For the last half-decade or so, the beginning of Black Friday has gradually crept back, with mainstream American retailers giving the shopping holiday precedence over the actual holiday, opening on Thanksgiving Day. Then the trend reversed, as retailers came to realize that they could harvest good publicity by staying closed on the holiday and making sure that the public knows it. We’re guessing that they didn’t earn enough money to make opening on the holiday worth their while. [More]
Unexpected freebies that come with a purchase are one thing, but bags filled with meth stashed in a video game case, well, that’s a case for law enforcement. [More]
Realizing that the business of selling consoles and physical copies of new and used games in malls won’t last forever, GameStop has been working to diversify its business, acquiring related businesses ranging from third-party Apple store chain Simply Mac to pop culture purveyor ThinkGeek. The company is now starting a new venture even more closely related to its core business: GameTrust, which will publish games from outside developers, and distribute them to its customers. [More]
GameStop’s executives predict that three years from now, at least half of the company’s revenues will come from things that aren’t games. Should they think about changing their name, then? Nah, CEO Paul Raines said in an interview this week: they could change their name in the future, but for now games are still what they’re about. Like most things in life, though, that could change in the future. [More]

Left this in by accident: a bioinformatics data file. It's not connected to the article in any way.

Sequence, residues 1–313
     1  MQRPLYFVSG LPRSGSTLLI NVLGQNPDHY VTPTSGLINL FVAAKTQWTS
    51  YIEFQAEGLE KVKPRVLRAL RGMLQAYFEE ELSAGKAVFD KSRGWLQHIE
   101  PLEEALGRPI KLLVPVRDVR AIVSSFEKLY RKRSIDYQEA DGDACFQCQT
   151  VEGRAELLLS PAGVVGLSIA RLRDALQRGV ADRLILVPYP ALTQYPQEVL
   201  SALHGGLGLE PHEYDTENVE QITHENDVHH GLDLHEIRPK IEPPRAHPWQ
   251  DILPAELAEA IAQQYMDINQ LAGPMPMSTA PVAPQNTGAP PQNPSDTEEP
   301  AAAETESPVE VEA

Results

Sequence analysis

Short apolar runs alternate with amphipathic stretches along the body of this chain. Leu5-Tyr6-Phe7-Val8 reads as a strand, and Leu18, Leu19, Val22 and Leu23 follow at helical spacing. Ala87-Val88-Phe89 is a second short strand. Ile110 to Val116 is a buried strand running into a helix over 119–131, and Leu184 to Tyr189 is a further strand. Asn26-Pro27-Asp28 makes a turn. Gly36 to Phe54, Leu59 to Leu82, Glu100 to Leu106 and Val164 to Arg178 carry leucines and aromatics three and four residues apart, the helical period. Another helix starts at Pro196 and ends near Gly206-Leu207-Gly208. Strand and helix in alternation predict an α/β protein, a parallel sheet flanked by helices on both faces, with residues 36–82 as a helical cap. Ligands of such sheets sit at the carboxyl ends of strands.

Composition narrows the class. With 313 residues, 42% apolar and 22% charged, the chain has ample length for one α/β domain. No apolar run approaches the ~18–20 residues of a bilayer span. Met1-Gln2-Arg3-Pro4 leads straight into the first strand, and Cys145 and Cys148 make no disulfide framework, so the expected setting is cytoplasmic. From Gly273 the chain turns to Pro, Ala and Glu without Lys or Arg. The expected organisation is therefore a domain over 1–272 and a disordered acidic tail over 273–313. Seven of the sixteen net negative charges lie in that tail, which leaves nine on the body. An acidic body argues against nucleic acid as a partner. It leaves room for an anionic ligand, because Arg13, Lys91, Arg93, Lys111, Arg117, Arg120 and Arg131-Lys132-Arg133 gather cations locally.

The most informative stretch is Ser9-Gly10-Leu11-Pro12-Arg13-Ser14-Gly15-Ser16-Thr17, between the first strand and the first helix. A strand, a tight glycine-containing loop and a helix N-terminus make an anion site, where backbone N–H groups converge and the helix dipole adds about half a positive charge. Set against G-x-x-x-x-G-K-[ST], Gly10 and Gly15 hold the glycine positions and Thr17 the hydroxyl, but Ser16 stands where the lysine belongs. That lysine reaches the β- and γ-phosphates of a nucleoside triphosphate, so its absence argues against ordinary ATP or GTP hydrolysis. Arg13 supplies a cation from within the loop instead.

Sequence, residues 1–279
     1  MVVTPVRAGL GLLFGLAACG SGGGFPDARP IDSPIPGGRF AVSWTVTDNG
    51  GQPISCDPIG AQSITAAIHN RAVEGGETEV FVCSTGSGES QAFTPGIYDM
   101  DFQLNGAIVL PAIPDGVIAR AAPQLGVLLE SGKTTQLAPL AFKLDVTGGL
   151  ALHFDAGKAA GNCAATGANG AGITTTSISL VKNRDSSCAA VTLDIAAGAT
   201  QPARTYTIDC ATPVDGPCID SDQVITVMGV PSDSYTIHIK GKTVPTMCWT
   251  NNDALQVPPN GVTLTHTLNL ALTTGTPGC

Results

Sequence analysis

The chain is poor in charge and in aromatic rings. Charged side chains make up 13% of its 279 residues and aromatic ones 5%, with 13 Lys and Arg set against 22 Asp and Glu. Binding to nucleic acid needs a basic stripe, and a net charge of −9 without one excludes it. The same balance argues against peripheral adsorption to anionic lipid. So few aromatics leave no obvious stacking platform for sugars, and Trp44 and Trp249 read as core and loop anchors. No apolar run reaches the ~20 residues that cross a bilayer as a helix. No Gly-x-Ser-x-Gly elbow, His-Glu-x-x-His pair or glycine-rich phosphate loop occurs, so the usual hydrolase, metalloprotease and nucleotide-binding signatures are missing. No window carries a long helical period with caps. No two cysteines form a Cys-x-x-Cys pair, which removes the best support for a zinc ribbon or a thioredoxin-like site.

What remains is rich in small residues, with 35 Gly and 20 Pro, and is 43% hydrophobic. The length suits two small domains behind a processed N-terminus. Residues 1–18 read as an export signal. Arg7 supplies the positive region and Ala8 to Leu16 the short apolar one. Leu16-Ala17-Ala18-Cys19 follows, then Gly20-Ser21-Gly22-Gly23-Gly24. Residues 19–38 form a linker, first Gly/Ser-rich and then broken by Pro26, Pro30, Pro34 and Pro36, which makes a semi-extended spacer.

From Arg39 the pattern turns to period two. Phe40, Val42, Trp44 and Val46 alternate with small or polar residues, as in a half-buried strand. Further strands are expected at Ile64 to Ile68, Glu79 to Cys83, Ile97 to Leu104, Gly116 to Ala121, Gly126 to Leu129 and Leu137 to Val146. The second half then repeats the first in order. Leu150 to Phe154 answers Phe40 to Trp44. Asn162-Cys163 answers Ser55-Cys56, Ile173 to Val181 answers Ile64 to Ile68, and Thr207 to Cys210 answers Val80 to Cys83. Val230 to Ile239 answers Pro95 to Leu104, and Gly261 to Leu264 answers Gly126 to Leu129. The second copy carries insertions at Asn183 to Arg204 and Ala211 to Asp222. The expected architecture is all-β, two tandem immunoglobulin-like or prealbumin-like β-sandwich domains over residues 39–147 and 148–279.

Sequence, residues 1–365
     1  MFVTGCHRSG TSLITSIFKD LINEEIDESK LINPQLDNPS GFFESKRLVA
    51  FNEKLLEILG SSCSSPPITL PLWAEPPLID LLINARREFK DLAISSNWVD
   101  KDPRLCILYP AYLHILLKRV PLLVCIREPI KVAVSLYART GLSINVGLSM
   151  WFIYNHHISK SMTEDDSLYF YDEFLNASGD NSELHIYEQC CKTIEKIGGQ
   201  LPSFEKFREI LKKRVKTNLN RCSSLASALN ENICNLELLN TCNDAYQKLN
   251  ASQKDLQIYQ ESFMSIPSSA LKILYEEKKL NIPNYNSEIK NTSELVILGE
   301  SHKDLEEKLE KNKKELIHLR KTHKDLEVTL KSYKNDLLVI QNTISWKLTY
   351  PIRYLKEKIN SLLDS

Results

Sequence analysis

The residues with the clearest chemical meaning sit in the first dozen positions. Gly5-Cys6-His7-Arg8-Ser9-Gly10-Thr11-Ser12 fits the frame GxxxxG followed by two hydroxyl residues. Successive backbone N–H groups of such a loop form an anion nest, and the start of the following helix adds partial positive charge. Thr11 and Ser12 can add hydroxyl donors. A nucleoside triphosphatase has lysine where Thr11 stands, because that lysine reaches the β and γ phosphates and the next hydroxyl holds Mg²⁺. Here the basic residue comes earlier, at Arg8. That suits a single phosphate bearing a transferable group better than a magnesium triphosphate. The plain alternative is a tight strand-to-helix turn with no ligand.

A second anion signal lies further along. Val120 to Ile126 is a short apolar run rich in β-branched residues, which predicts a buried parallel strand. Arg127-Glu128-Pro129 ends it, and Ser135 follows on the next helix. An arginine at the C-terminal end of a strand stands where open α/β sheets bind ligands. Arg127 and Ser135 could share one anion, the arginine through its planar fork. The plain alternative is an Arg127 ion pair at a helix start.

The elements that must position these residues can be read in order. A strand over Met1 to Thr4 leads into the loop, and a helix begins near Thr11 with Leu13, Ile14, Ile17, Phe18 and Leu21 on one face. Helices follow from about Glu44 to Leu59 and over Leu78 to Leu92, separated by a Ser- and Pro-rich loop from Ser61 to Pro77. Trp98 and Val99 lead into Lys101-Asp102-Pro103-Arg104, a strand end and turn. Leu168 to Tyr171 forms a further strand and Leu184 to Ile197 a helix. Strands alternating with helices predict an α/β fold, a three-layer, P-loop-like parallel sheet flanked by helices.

Most retailers still have a bit of a brick wall between their online and offline presences, and it can create challenges for consumers. To fight that, GameStop has decided to bring a bit of the 21st century to their operation, with a nationwide “ship from store” program.
We’ve been hearing about the Sony VR since it was dubbed “Project Morpheus,” but as much as the tech giant loves to show it off, Sony has yet to give a firm release window for the virtual reality headset. However, GameStop CEO Paul Raines tipped his cards on that schedule during an interview this morning. [More]
With the bulk of the holiday celebrations having come and gone, you might be sitting around the dried-out Christmas tree counting up all those random gift cards you received. While you appreciate the generosity of your friends and family, you just don’t have any desire to make a purchase with said cards. To that end, a number of retailers are willing to offer you a trade; joining the ranks of Walmart, GameStop, and Coinstar this year is Target. [More]
If you wanted to get away from your family this Thanksgiving and buy video games and/or video game accessories, you’ll have to do it somewhere other than GameStop. The chain announced today that it will not be open on Nov. 26. [More]
Why would a store want to sell you something that could mean you will not need to walk through its doors again? We don’t know, but GameStop is doing it anyway: the brick-and-mortar retailer will be selling Steam hardware next month — game consoles that are designed for digital video games purchased on the Steam marketplace… the exact kind of games you won’t find at GameStop.